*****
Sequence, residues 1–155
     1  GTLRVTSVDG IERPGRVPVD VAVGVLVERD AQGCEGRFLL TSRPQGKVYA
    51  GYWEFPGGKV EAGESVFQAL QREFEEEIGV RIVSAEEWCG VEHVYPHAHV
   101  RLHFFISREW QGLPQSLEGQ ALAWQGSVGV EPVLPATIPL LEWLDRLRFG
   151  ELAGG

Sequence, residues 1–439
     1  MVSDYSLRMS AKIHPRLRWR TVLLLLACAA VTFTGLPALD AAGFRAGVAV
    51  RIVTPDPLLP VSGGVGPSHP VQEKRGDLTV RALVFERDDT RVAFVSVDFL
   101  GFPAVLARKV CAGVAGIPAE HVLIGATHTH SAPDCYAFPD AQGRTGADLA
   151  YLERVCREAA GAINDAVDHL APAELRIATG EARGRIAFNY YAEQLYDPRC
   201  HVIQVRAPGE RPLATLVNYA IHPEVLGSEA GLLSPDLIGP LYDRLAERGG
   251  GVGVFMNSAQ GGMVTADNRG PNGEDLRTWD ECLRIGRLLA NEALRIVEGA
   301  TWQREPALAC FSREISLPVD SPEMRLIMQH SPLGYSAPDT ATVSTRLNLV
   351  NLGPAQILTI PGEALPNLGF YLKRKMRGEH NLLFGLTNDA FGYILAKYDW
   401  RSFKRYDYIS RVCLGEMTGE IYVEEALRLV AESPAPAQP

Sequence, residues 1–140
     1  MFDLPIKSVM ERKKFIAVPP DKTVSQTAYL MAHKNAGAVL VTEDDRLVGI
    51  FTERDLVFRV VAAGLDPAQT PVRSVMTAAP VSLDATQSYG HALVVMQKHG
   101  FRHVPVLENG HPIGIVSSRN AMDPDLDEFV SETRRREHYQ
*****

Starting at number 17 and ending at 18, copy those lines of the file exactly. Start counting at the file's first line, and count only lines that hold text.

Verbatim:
     1  MFDLPIKSVM ERKKFIAVPP DKTVSQTAYL MAHKNAGAVL VTEDDRLVGI
    51  FTERDLVFRV VAAGLDPAQT PVRSVMTAAP VSLDATQSYG HALVVMQKHG